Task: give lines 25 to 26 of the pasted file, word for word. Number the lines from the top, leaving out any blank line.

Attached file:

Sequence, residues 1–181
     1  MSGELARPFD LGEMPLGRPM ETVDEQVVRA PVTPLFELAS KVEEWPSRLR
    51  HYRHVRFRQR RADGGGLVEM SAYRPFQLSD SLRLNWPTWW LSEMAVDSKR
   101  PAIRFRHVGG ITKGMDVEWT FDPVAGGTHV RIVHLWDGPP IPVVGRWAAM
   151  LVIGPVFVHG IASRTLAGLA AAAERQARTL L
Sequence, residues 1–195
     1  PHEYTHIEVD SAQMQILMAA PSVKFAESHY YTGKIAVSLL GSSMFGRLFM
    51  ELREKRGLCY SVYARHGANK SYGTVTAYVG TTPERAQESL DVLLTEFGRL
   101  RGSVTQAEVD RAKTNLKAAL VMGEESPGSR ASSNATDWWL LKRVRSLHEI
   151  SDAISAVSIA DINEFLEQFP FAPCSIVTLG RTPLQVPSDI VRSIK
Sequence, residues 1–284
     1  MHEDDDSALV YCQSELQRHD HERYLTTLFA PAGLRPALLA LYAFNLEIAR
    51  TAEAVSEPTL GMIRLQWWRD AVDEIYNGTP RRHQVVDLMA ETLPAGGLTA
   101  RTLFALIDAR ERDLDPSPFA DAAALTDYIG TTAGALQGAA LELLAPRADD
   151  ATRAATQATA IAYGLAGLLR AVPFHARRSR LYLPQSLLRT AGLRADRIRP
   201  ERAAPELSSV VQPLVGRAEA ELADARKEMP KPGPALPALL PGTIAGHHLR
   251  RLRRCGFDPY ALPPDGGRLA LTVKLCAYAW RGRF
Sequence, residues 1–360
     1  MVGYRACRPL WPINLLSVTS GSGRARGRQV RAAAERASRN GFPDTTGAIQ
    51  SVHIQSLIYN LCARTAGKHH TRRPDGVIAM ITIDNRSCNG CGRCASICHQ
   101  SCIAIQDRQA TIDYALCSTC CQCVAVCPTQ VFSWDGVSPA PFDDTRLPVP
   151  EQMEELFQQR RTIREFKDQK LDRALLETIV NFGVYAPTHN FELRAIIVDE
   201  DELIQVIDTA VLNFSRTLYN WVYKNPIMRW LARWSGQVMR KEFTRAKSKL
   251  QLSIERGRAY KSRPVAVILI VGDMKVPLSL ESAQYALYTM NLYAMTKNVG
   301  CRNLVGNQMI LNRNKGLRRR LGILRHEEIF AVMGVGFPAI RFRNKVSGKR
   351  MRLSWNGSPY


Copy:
   301  CRNLVGNQMI LNRNKGLRRR LGILRHEEIF AVMGVGFPAI RFRNKVSGKR
   351  MRLSWNGSPY